The world’s largest economies delivered more worrisome cues Monday as anxiety over the virus outbreak sent stock and oil prices plunging and closed sites from the Sistine Chapel to Saudi Arabian schools, The Associated Press informs.
Shares in Asia, the Mideast and Europe, and U.S. futures were down sharply, reports on the health of the economies of Japan and China stirred more unease, and the downturn was being felt by people around the world.
“Our business is one-fifth of what it was before,” said Cheng Sheng, who helps run a food stand in Beijing that sells sausages and noodles. “There’s much less foot traffic. There are no people.”
As the weakening economy was blamed at least in part on the virus that has infected more than 110,000 people, cases were reported in more than half the world’s countries and flash points were erupting around the globe.
In the United States, where more than 500 infections have been reported, eyes were fixed on cruise ships on opposite sides of the country that were kept at bay over fears of virus threats.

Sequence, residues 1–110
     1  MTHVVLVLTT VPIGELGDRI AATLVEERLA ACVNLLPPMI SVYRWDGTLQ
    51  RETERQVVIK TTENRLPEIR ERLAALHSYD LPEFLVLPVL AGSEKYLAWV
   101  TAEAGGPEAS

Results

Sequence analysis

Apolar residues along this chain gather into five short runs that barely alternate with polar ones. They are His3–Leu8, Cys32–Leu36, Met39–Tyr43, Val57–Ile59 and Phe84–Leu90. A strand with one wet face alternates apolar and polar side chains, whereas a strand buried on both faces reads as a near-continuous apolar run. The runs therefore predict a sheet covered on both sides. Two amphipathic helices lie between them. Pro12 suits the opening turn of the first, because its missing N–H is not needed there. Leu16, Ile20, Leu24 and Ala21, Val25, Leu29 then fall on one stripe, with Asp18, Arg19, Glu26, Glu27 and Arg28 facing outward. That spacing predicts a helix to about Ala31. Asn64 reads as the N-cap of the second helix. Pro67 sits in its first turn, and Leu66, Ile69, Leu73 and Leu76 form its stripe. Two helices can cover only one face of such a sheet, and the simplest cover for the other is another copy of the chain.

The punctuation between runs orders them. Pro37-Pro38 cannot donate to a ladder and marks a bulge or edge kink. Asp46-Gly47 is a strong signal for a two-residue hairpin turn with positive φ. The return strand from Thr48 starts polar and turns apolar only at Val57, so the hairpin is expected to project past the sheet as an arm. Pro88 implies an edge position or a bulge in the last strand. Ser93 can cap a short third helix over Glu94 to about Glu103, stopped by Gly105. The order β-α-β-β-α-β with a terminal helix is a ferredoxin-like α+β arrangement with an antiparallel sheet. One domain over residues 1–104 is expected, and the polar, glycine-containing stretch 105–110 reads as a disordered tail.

Passengers were disembarking the Regal Princess early Monday after it received clearance to dock in Florida. Tests of two crew members eyed as possible carriers of the virus came back negative.
The Grand Princess, meantime, was expected to dock in California with 21 people who tested positive for the coronavirus on board. Passengers were to be placed under quarantines.
In Saudi Arabia, falling oil prices led to steep drops on Riyadh’s stock exchange. The state oil giant Saudi Aramco led the losses, dropping by 10% and forcing a halt to Aramco’s trading.
The country cut off air and sea travel to and from Bahrain, Egypt, Iraq, Italy, Kuwait, Lebanon, South Korea, Syria and the United Arab Emirates after earlier closing off its land borders.
All Saudi Arabian schools and universities were closing beginning Monday.
In Italy, the government took a page from China’s playbook, issuing a quarantine order attempting to lock down 16 million people across a swath of the country’s north. Italy’s financial hub of Milan and its popular tourist city of Venice were among the places under the order, and across the country, museums and archaeological sites were closed, weddings were canceled, and restaurants were told to keep patrons a meter (3.3 feet) apart. The country has counted 7,375 cases of COVID-19.